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England #1. Apples, Jetlag, V&A Hoard

I’ve been in England for two weeks with my wife, and along the way I visited my daughter and her family in Madison, Wisconsin, on the way. It was a nice break, and I didn’t do any writing at all. I took quite a few photos. I’m going to put up a series of posts with the images along with whatever relevant or irrelevant comments I happen to think of.

Views from the air are amazing, and almost all of them are good. Even if you’re shooting with a cellphone through a plastic double window. I like the stripes of alternating crops here, I think they call this contour farming.

My grandchildren caught a beautiful frog near the family garden patch. They let him/her go after awhile.

My grandson doesn’t have any guns, but he and I built some futuristic little models with his Legos. Bascially, all you need for a gun is a right angle. One of their neighbors had a yard sale which included some Legos, and the seller had perhaps ignorantly sorted the Legos by color. So I bagged a bucket of the black Legos. What the seller probably didn’t realize is that the black Legos are the quarks, the tau mesons, the Higgs particles of the Lego world—that is, all the weird special-purpose, triple-hinge, worm-gear, fantastically rare gear-axle kinds of Legos are black. Very useful for ray-guns.

We went apple picking and were initially wondering if it was okay of we ate some free extra apples off the trees, but the farmers said go ahead. The trees were way overloaded, with scores or hundreds of fallen apples beneath each tree. A big year for the crop.

I always like getting out in the countryside. Always fun when there’s a window framing a view of a landscape. A living hologram.

So then we made it to London. One of the first places we wanted to visit was the new Tate Modern Museum, housed in a retrofitted power plant by the Thames. They’re especially known for a vast “Turbine Room” that’s used for special giant ultramodern displays but, unfortunately that room was closed for a year-long upgrade of some kind. In any case the funky galleries have a rich hoard of modern art. The image above is from a Russian revolutionary poster and the caption is, naturally, “KAPITAL.” The Ur-Unca-Scrooge.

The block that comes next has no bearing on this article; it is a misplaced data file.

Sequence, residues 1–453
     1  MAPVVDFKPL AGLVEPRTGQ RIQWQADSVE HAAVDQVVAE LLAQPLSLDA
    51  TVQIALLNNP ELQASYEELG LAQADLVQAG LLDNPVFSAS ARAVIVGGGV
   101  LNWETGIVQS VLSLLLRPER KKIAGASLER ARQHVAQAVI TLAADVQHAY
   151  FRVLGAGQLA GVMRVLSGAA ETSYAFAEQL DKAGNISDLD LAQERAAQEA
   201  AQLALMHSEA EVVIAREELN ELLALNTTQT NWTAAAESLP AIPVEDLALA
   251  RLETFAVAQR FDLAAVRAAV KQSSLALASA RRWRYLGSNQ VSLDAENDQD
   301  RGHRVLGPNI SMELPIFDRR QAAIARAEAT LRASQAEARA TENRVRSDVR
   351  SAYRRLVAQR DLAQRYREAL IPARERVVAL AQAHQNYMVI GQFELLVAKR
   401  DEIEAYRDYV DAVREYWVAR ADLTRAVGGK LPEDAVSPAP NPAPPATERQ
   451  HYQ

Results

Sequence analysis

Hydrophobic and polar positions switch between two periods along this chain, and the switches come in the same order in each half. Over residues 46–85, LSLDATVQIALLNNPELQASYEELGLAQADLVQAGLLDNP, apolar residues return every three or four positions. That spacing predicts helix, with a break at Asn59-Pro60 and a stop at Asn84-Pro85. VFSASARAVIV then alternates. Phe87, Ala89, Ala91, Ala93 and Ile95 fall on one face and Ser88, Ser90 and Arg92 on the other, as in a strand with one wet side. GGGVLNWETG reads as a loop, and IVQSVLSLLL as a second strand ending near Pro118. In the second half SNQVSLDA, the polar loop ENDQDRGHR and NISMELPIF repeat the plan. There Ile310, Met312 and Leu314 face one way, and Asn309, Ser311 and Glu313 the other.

There’s a nice footbridge across the Thames near the Tate Modern, and we noticed some new buildings in the financial district of a London. They have special names for them—the Gherkin, the Shard, the Cheesegrater, the Walkie-talkie…only the last two are visible here. Much more on the Gherkin in a later post…

So I had jetlag the first couple of nights, snapping awake at 1 am and staying awake till about 4 am. I’ve learned just to go with the flow on jetlag. I get up and read something, or play with my computer. At this point I was reading Thomas Pynchon’s wonderful new novel Bleeding Edge as an ebook—my paper version seemed a bit fat to lug along. I’d go in the bathroom to read so Sylvia could keep sleeping.

On the second day, we hit the Victoria and Albert Museum in South Kensington district of London, not far from our hotel. I’d never been here before, it’s an amazing place. Kind of like the Smithsonian in DC, or like the craft sections of the Met in NYC.

Like, the ceramics gallery has a mashed together collections of pots from all over the world and throughout history, all jammed into case after case of displays, sorted by style or by theme.

In a central area of the ceramics section they had some modern stuff like a dangling cascade of blown glass lamps, trailing down a couple of hundred feet into the lobby area.

Loved this porcelain white hot dog, tied sacrificially to a cutting stand. Wheenk!

Regarded from below and turned on its side, the dangling chandelier becomes a particle-beam tingler-ray.

A really vile-looking bagpipe. What is it about those things? Tools of the devil, morphed genitalia, squealing skugs. Squonk!

That’s it for today. Back in California, I have jetlag again, and I’ve been awake since about 4 am this morning. Time to go lie in the sun in my beloved patch-of-grass back yard. No place like home.

One Response to “England #1. Apples, Jetlag, V&A Hoard”

  1. Dianne Says:

    Hi Rudy, I absolutely love your sharing of your trip to England in photos. What a delight to read about your visit and the your thoughts of it! Thank you. Your blog is exceptional to say the least! Love it! 🙂


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